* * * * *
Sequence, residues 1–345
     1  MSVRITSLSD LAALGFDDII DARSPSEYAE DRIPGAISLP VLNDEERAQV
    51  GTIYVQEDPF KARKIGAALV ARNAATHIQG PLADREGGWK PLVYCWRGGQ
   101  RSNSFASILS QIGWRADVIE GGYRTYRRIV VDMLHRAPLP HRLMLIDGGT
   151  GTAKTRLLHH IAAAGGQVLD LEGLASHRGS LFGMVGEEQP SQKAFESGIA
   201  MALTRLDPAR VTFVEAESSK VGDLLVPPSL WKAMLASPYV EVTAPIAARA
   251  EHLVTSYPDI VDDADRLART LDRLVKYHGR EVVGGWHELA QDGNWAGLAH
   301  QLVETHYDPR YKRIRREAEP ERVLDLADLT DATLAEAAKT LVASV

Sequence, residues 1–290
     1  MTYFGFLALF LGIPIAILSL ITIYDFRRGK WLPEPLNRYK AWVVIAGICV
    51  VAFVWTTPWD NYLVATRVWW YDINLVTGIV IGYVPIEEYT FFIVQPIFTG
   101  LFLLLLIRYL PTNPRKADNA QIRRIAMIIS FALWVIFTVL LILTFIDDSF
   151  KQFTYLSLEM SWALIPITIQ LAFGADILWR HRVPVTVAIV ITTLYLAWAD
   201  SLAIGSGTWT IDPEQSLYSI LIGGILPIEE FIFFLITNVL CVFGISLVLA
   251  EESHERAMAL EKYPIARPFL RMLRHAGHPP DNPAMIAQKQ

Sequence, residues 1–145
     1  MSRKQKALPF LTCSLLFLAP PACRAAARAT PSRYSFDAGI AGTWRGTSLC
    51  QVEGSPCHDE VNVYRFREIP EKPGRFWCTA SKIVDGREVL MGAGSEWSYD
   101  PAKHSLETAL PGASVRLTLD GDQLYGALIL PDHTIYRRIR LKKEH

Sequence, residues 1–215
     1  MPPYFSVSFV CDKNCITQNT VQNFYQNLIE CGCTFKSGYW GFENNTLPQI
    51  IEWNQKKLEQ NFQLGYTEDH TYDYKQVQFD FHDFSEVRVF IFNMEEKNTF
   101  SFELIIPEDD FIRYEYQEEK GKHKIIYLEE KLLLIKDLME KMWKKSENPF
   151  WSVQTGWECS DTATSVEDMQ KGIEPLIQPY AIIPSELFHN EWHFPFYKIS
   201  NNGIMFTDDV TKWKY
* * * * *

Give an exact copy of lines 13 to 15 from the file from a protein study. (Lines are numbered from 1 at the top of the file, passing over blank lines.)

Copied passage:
   151  KQFTYLSLEM SWALIPITIQ LAFGADILWR HRVPVTVAIV ITTLYLAWAD
   201  SLAIGSGTWT IDPEQSLYSI LIGGILPIEE FIFFLITNVL CVFGISLVLA
   251  EESHERAMAL EKYPIARPFL RMLRHAGHPP DNPAMIAQKQ